Next, in accordance with an important feature of the present invention, an infrared transmit diode 34 is depicted, mounted at the end of guitar neck 14. Of course, those skilled in the art will appreciate that infrared transmit diode 34 may be mounted at any location within guitar keyboard member 10, so long as infrared transmit diode 34 is typically unobstructed by the operation of the user during the playing of guitar keyboard member 10. Infrared transmit diode 34 is utilized, in a manner which will be explained in greater detail herein, to transmit a series of data corresponding to each actuation of one of the operating key switches to a personal computer, which may be utilized, in conjunction with appropriate software, to simulate guitar music.
Referring now to FIG. 2, there is depicted a partially pictorial high-level functional block diagram of the guitar music simulation system of the present invention. As illustrated, guitar keyboard member 10 includes a transmit module 42 mounted therein. Transmit module 42 includes a guitar status encoder 36 which, as those having ordinary skill in the art will appreciate, may scan each of the key switches within guitar keyboard member 10 and detect the actuation or release of any key switch provided therein. In an effort to minimize the amount of data which must be transmitted, only a change in the status of a key switch will be transmitted to the personal computer system utilized to simulate guitar music. That is, when any key switch within guitar keyboard member 10 is depressed or released the change in status of that key switch is detected and encoded by guitar status encoder 36. Each code word so generated is then transmitted to infrared driver 38. Infrared driver 38, in conjunction with infrared carrier generator 40 is then utilized, in a manner well known in the infrared transmission art, to transmit a series of data via infrared transmit diode 34.
Next, it may be seen that the high-level functional block diagram of FIG. 2 includes a receiver module 44. Receiver module 44 is utilized to detect data corresponding to a change state in a key switch within guitar keyboard member 10 via infrared receiver unit 52. Infrared receiver unit 52 is coupled to infrared receiver 50. The output of infrared receiver 50 is coupled to infrared link controller 48 which, in combination with personal computer link controller 46 provides a communication link to personal computer 54. As depicted, personal computer link controller 46 is coupled to personal computer 54 via a bi-directional parallel port connection 53.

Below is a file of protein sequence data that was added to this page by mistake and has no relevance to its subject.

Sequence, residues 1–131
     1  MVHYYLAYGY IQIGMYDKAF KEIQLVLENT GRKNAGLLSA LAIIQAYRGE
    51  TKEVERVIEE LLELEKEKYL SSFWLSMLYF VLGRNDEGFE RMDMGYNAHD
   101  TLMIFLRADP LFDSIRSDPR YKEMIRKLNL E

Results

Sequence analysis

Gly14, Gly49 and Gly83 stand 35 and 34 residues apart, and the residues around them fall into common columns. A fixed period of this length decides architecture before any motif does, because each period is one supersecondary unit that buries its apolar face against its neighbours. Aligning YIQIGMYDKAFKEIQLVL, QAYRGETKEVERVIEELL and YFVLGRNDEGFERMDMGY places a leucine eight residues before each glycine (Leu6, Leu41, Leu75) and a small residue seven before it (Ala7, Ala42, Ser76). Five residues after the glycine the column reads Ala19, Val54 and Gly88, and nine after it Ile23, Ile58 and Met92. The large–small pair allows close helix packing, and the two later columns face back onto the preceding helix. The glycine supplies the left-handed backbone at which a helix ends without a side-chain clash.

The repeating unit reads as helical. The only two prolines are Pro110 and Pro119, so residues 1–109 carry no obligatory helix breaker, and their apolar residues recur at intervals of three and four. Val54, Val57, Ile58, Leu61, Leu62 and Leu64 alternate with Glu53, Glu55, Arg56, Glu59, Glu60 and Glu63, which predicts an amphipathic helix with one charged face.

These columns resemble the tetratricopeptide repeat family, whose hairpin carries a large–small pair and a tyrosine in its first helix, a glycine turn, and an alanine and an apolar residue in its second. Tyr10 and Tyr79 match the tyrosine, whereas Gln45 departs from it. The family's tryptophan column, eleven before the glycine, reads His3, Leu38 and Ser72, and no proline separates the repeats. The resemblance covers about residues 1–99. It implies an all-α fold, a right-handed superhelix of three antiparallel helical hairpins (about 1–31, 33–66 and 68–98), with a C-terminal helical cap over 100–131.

As those skilled in the art will appreciate, personal computer 54 includes a processor unit 56 and a monitor 58. Also provided within personal computer 54 is an audio speaker 60. In a manner which will be explained in greater detail herein, the data transmitted from guitar keyboard member 10 is converted into binary code which may be utilized within personal computer 54 to generate a series of audio tones which may be output via audio speaker 60. Of course, those skilled in the art will appreciate that a modern computer system often includes a so-called "sound board" which is capable of outputting high quality sound in a stereo environment. The system of the present invention will find equal application in that environment and audio speaker 60 may comprise multiple speakers in that particular environment.
With reference now to FIG. 3, there is depicted a schematic diagram of transmitter module 42 of the present invention. As illustrated, transmitter module 42 includes a plurality of key switches, as described with respect to FIG. 1. Thus, note switches 16, strum switches 18, menu select switch 20, enter switch 22, left select switch 24 and right select switch 26, are all depicted. Of course, the present invention may be implemented utilizing a greater or smaller number of key switches in accordance with the desired complexity of the final product.